MURDER 3 is a reviewer’s nightmare, in that most of what can be said about the film involves a major revelation in the second half, which, of course, despite the title of this column, I cannot reveal. So there go the dozens of jokes and observations I thought of while watching this illogical mess. They were good. Trust me.
The film is an official remake — the ‘official’ being a rarity in the Bhatt camp — of the Colombian thriller La Cara Oculta, which provides it with another rarity: an unconventional plot for Bollywood. However illogical the said plot is in its details, it is a breath of fresh air to consider that one of the umpteen ‘sequels’ the Bhatts have produced, none of which seem to have anything to do with the previous films, is anything other than the formulaic fare they normally peddle. It is so unlikely that the unsuspecting viewer might quite possibly have left the theatre by the time the twist comes, which would be a shame, since it’s quite an entertaining hour once you understand what the film is all about, even if the said entertainment is mostly derived from pointing and laughing.
Until that point, however, the film is quite predictably bad. It checks all the Bhatt boxes: exotic locales (South Africa, in this case) for the sake of exotic locales, cheesy background music in a desperate attempt at generating drama, unintentionally funny dialogues, wooden actors, the inevitable power-cut-and-storm sequence. Randeep Hooda is so expressionless in his role that one actually hankers for the glory days of Emraan Hashmi, who occasionally pulled off the odd facial expression. His success with the ladies is depressing for all of us under the impression that an iota of personality is necessary to have any hope of not dying alone. In fact, even when he is so drunk out of his wits that solving third order differential equations seems easier than getting from Point A to B, waitress Nisha (Loren) goes much beyond the line of duty to take him home rather than bundle him into a taxi. Almost immediately afterward, she’s installed in his mansion, going from complete stranger to live-in partner in a matter of days. This is, of course, only days after his previous girlfriend Roshni (Hydari) has left him.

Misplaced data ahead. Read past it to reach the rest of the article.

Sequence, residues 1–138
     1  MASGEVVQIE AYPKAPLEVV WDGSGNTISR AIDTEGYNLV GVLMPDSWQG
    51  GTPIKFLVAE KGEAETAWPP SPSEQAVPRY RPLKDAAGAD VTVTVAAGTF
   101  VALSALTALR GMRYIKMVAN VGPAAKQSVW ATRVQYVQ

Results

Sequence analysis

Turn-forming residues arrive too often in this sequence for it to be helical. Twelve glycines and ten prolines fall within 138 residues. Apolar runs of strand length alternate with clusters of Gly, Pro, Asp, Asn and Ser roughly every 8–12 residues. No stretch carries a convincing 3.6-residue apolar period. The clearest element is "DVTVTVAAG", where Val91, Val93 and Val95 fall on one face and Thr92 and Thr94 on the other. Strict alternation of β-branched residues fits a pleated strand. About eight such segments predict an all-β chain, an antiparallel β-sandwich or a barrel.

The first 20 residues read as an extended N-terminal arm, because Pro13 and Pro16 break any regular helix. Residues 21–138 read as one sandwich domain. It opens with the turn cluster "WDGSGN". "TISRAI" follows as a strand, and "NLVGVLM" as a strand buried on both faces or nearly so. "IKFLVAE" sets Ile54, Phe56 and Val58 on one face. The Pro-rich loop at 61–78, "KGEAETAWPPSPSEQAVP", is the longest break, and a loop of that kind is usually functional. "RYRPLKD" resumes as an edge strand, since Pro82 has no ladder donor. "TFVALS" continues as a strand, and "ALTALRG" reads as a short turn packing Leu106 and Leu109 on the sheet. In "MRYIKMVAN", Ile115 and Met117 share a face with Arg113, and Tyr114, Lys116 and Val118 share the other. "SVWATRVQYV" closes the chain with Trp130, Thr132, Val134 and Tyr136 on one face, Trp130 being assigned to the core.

Mahesh Bhatt, who recently tweeted that he is waiting for a rave review even after 40 years in the business, has gone on about how this film is womancentric, unlike the misogyny his family’s films are usually accused of. He is right superficially, I suppose, as the decisions that lead to the climax are all made by the two women. But apart from these moments, inherited from the original, there is little that is flesh and blood about the characters, and what little there is is lost on the actresses, who are more or less the mannequins the Bhatts regularly employ.
The twist is, as I said, illogical, with any number of holes. It is the result of a moment of abject stupidity by Roshni, which does no favours for improving the image of the women who are so central to the film. The sequence of events that follows is entirely implausible, with the various leaps of reasoning that drive the action occurring within seconds in a woman who has showed little evidence of original thought thus far, though the morally ambiguous ending is rather neat
The tagline for Murder 3 was “This Valentine… love will be murdered”. So was common sense.